[The Great Big Story]
Vocabulary chunks to learn after watching the video
- Being in a Bald Eagle nest is surreal
- Take your time
- I’m a Forest Canopy Ecologist
- A Wild Life Biologist
- I’m pretty sure I have the best job in the world
- Capture and work with chicks
- Get blood samples
- Environment contaminants
- The Bald Eagle’s food source
- To grab a hold of you
- A whole 360 degree view
- Nesting on the sea cliffs
- A host of different sea birds
- Our research, it may look invasive
- Our primary concern is the safety of these young birds that we are handling
- We go to great lengths to ensure that we don’t injure them
- The Bald Eagles are national birds
- Take in the view
- For that moment in time
Want to work in the ‘green economy’?
There are many reasons why we should all keep an eye on the ‘green economy’. You could be passionate about environmental issues or just interested in which jobs might emerge in the coming years. Whether you’re a committed green or not, one thing’s for sure, over the coming years we’re going to hear more and more about environmental issues. But why are they important? And how will they affect your working life? We try to answer some of your questions below.
Why do we need a green economy?
There’s been lots of research into the effect that human activity is having on our planet. This includes:
- industries that use a lot of fossil fuels like coal and produce a lot of greenhouse gas emissions, which can bring about climate change
- continuing to extract and rely heavily on fuel sources that will eventually dry up – oil and coal, for example
- upsetting the natural balance of our ecosystem by destroying places where plants and animals live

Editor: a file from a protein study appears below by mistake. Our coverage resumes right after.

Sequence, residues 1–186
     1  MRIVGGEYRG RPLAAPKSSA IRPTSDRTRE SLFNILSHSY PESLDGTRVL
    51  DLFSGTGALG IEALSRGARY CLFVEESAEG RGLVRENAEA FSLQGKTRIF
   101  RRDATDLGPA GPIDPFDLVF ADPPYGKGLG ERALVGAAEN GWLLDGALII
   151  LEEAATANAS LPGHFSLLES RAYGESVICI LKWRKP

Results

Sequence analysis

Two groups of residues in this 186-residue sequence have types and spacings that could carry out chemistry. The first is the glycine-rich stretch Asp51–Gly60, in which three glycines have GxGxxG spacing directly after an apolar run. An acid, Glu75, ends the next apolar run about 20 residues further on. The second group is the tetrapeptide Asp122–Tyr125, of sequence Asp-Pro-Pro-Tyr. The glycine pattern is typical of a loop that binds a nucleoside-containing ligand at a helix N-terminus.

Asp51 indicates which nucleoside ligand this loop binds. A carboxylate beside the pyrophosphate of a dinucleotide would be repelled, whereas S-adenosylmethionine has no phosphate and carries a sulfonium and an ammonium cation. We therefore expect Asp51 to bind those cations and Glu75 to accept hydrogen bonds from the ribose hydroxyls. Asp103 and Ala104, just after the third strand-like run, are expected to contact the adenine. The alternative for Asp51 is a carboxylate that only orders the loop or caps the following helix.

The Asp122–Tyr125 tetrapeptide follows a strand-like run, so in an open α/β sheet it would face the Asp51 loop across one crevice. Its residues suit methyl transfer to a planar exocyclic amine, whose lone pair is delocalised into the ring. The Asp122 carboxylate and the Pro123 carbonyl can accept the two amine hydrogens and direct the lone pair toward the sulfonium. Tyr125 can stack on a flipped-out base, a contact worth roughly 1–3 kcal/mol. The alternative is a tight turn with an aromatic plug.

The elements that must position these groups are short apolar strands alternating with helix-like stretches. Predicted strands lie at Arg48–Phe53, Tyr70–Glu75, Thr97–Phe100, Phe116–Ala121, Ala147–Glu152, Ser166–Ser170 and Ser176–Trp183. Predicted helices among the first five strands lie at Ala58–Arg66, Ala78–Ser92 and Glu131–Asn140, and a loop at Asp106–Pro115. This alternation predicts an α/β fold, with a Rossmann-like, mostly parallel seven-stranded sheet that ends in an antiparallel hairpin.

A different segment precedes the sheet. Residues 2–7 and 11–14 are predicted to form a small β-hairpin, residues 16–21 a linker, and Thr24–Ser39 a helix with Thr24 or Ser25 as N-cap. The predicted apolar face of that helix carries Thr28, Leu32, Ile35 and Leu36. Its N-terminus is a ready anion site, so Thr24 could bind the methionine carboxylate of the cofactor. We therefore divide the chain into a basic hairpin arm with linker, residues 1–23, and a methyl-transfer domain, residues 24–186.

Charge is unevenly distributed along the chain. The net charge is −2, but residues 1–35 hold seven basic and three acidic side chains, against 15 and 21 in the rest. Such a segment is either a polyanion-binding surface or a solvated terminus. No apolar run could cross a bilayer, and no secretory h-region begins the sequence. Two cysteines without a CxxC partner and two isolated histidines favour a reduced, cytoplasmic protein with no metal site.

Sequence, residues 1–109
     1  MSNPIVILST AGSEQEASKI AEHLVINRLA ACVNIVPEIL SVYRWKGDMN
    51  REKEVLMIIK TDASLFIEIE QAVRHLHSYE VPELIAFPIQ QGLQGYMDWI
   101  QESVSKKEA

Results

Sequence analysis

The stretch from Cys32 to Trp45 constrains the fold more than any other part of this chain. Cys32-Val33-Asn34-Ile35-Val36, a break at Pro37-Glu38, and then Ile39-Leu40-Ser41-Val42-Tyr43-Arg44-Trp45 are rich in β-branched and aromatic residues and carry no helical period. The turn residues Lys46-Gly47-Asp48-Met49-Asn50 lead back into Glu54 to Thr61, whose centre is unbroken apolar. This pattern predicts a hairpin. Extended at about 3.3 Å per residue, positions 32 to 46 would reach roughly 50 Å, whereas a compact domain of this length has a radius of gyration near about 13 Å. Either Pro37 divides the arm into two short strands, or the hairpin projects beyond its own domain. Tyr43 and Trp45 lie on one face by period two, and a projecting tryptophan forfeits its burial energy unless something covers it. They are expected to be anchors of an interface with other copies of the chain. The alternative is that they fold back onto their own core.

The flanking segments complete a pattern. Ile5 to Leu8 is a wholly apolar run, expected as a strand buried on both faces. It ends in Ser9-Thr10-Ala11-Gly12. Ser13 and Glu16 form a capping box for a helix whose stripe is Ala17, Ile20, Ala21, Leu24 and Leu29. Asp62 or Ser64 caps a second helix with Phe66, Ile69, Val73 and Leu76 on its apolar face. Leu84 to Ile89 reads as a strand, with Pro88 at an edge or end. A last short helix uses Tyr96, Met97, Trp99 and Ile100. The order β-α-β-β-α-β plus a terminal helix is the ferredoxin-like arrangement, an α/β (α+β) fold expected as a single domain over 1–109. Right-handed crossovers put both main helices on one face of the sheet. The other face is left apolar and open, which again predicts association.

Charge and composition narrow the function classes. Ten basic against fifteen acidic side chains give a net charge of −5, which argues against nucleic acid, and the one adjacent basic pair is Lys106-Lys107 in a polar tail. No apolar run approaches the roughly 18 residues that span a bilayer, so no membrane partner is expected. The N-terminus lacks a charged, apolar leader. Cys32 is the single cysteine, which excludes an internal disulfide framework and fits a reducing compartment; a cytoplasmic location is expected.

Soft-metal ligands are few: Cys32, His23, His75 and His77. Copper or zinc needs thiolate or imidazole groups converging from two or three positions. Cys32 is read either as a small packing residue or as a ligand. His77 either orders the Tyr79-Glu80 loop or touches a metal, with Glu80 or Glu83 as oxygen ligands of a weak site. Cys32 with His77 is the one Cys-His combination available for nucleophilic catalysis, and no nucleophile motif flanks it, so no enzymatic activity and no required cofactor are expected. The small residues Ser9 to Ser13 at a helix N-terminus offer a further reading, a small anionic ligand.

- using up more fuel than we need to in activities like transporting food from one side of the world to the other.
Which jobs will grow and which skills will be in demand?
Here are some of the job opportunities that are predicted to come from the move towards a green economy.
Renewable & Sustainable Energy
The drive to find new ways of creating energy from resources that will not run out could create jobs for people involved in wind energy, solar power, fuel cells, biofuels, wave power, hydro power, geothermal energy.
As our natural fuel sources (such as oil) will eventually run out, we will need to make sure we don’t waste any of the energy they produce. This could mean jobs for people involved in energy-efficient lighting, voltage optimisation, energy management, low power electronic equipment, and insulation.
Every product we make, from a yoghurt carton to a wooden chair, takes resources and energy to produce it. So we need to make sure the production methods are efficient and that the product gets used again if possible. This could create jobs for people involved in recycling materials, less energy-intensive manufacturing methods, reducing packaging, sustainable agriculture, low-carbon materials.
But it’s not just jobs that are directly related to energy efficiency, renewable energy and cutting down on waste that will be in demand in the green economy. There are many existing jobs that will be needed in the green economy, such as PR officer, community liaison and jobs in administration or information technology.
[National Careers Service UK]
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